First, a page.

Cranioplasty material did not affect the postcranioplasty infection rate. There was no significant difference in the infection rate among sterile ABFs (7%), +ABFs (8%), and synthetic prostheses (5.5%; p = 0.425). All 3 +ABF infections under protocol B were caused by organisms that differed from those in the original intraoperative bone culture from the initial craniectomy. A cranioplasty procedure ≤ 14 days after initial craniectomy was the only significant predictor of postcranioplasty infection (p = 0.007, HR 3.62).
Cranioplasty procedures should be performed at least 14 days after initial craniectomy to minimize infection risk. Obtaining intraoperative bone cultures at the time of craniectomy in the absence of clinical infection should be discontinued as the culture results were not a useful predictor of postcranioplasty infection and led to the unnecessary use of synthetic prostheses and increased health care costs.
David S. Xu, Michael R. Levitt, M. Yashar S. Kalani, Leonardo Rangel-Castilla, Celene B. Mulholland, Isaac J. Abecassis, Ryan P. Morton, John D. Nerva, Adnan H. Siddiqui, Elad I. Levy, Robert F. Spetzler, Felipe C. Albuquerque and Cameron G. McDougall
Fusiform dolichoectatic vertebrobasilar aneurysms are rare, challenging lesions. The natural history of these lesions and medium- and long-term patient outcomes are poorly understood. The authors sought to evaluate patient prognosis after diagnosis of fusiform dolichoectatic vertebrobasilar aneurysms and to identify clinical and radiographic predictors of neurological deterioration.
The authors reviewed multiple, prospectively maintained, single-provider databases at 3 large-volume cerebrovascular centers to obtain data on patients with unruptured, fusiform, basilar artery dolichoectatic aneurysms diagnosed between January 1, 2000, and January 1, 2015.
A total of 50 patients (33 men, 17 women) were identified; mean clinical follow-up was 50.1 months and mean radiographic follow-up was 32.4 months. At last follow-up, 42% (n = 21) of aneurysms had progressed and 44% (n = 22) of patients had deterioration of their modified Rankin Scale scores. When patients were dichotomized into 2 groups— those who worsened and those who did not—univariate analysis showed 5 variables to be statistically significantly different: sex (p = 0.007), radiographic brainstem compression (p = 0.03), clinical posterior fossa compression (p < 0.001), aneurysmal growth on subsequent imaging (p = 0.001), and surgical therapy (p = 0.006). A binary logistic regression was then created to evaluate these variables. The only variable found to be a statistically significant predictor of clinical worsening was clinical symptoms of posterior fossa compression at presentation (p = 0.01).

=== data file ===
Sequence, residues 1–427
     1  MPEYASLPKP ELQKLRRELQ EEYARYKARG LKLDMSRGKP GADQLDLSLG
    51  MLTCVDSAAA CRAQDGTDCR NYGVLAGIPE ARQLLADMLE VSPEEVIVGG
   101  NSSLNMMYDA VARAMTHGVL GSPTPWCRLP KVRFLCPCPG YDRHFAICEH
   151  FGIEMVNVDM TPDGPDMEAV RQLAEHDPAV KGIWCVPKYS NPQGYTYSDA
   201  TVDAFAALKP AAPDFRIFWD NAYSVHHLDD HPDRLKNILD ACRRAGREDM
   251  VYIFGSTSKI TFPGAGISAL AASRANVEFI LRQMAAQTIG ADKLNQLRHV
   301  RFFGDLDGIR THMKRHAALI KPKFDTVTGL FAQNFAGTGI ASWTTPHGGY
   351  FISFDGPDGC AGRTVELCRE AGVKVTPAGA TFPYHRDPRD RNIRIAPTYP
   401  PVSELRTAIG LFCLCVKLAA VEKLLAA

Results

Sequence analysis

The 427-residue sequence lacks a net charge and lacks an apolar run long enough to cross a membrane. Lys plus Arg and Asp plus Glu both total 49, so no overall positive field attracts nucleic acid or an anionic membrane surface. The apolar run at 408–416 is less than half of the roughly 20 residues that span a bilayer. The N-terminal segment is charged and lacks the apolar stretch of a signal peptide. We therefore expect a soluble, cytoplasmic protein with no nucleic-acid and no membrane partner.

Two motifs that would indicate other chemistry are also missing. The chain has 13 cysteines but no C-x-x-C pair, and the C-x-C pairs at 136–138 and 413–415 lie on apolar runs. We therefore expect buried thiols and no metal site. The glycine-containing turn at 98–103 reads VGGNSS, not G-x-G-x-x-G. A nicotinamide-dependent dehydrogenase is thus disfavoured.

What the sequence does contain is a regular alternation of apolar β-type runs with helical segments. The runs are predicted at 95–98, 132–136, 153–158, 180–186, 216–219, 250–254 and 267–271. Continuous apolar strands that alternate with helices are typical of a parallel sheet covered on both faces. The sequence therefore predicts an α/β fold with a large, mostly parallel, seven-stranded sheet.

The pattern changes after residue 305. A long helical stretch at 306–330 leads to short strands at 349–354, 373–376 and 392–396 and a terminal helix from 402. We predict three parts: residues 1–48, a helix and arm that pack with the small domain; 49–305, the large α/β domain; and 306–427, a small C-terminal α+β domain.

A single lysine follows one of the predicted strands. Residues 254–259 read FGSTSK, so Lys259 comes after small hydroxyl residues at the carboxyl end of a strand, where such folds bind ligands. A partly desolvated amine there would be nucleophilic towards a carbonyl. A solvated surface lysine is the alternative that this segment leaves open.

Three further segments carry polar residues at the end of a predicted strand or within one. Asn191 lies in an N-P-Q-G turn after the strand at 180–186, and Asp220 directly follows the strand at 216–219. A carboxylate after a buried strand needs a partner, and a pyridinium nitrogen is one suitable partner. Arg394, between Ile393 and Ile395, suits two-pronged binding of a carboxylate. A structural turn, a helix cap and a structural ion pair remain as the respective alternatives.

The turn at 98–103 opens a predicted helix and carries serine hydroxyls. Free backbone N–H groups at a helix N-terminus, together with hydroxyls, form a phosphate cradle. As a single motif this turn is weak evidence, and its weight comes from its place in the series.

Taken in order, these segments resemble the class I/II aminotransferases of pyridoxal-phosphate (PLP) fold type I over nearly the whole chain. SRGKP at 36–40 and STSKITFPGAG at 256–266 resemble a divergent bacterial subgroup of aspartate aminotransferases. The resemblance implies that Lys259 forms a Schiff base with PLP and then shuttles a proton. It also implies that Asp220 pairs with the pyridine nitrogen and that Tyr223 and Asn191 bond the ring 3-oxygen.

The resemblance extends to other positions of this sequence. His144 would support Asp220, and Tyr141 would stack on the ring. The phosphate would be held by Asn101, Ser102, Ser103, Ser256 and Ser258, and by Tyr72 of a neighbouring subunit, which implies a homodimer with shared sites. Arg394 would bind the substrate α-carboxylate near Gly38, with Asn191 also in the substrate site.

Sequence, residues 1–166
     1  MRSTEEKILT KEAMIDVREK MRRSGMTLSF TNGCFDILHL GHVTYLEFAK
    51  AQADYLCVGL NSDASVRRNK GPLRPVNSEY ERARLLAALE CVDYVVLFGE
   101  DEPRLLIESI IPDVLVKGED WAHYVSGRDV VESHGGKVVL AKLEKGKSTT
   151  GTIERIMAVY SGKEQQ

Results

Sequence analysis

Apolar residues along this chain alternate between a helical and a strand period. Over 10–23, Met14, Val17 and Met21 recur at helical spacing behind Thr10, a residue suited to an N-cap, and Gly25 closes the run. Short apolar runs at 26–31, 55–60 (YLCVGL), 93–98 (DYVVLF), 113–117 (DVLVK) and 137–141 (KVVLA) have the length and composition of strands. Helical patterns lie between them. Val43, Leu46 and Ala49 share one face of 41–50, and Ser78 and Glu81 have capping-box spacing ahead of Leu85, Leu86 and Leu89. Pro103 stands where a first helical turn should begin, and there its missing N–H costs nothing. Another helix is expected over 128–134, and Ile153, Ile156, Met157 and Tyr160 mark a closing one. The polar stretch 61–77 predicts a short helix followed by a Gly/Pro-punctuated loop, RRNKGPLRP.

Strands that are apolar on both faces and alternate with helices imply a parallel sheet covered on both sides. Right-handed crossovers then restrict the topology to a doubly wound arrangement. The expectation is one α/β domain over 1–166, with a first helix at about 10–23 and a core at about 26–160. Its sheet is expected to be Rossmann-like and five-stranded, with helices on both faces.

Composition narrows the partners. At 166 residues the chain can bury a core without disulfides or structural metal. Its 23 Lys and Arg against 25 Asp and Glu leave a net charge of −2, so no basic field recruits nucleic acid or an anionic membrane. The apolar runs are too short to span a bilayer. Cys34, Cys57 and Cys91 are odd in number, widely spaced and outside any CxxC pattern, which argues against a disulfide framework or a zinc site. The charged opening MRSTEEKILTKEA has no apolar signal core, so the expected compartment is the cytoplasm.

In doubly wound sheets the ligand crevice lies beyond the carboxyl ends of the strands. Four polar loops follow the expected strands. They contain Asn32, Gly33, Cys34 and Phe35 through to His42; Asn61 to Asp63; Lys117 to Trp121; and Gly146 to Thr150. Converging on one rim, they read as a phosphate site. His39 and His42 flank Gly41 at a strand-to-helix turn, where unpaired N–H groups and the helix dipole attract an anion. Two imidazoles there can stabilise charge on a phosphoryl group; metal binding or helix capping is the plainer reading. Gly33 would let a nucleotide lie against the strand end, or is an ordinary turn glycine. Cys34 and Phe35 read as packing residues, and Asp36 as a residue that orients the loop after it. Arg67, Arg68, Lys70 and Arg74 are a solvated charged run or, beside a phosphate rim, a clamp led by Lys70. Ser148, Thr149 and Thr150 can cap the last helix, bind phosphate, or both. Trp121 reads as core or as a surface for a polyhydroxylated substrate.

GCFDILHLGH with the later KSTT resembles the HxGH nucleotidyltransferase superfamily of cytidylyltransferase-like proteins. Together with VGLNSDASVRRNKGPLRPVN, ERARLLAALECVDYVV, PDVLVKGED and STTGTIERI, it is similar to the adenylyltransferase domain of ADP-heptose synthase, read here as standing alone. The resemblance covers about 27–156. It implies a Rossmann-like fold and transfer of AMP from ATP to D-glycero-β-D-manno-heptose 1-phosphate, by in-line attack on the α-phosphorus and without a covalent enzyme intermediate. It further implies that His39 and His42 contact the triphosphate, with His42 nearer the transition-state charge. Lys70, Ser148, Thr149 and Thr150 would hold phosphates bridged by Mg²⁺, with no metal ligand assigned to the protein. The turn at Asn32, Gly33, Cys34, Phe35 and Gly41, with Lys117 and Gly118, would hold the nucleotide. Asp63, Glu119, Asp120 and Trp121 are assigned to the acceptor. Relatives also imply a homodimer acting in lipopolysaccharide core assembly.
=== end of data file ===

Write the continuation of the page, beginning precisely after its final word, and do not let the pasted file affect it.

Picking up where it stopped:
Fusiform dolichoectatic vertebrobasilar aneurysms carry a poor prognosis, with approximately one-half of the patients deteriorating or experiencing progression of their aneurysm within 5 years. Despite being high risk, intervention—when carefully timed (before neurological decline)—may be beneficial in select patients.
Ryan P. Morton, Isaac Josh Abecassis, Josiah F. Hanson, Jason K. Barber, Mimi Chen, Cory M. Kelly, John D. Nerva, Samuel N. Emerson, Chibawanye I. Ene, Michael R. Levitt, Michelle M. Chowdhary, Andrew L. Ko and Randall M. Chesnut
Despite their technical simplicity, cranioplasty procedures carry high reported morbidity rates. The authors here present the largest study to date on complications after cranioplasty, focusing specifically on the relationship between complications and timing of the operation.
The authors retrospectively reviewed all cranioplasty cases performed at Harborview Medical Center over the past 10.75 years. In addition to relevant clinical and demographic characteristics, patient morbidity and mortality data were abstracted from the electronic medical record. Cox proportional-hazards models were used to analyze variables potentially associated with the risk of infection, hydrocephalus, seizure, hematoma, and bone flap resorption.
Over the course of 10.75 years, 754 cranioplasties were performed at a single institution. Sixty percent of the patients who underwent these cranioplasties were male, and the median follow-up overall was 233 days. The 30-day mortality rate was 0.26% (2 cases, both due to postoperative epidural hematoma). Overall, 24.6% percent of the patients experienced at least 1 complication including infection necessitating explantation of the flap (6.6%), postoperative hydrocephalus requiring a shunt (9.0%), resorption of the flap requiring synthetic cranioplasty (6.3%), seizure (4.1%), postoperative hematoma requiring evacuation (2.3%), and other (1.6%).
The rate of infection was significantly higher if the cranioplasty had been performed < 14 days after the initial craniectomy (p = 0.007, Holm-Bonferroni–adjusted p = 0.028). Hydrocephalus was significantly correlated with time to cranioplasty (OR 0.92 per 10-day increase, p < 0.001) and was most common in patients whose cranioplasty had been performed < 90 days after initial craniectomy. New-onset seizure, however, only occurred in patients who had undergone their cranioplasty > 90 days after initial craniectomy. Bone flap resorption was the least likely complication for patients whose cranioplasty had been performed between 15 and 30 days after initial craniectomy. Resorption was also correlated with patient age, with a hazard ratio of 0.67 per increase of 10 years of age (p = 0.001).
Cranioplasty performed between 15 and 30 days after initial craniectomy may minimize infection, seizure, and bone flap resorption, whereas waiting > 90 days may minimize hydrocephalus but may increase the risk of seizure.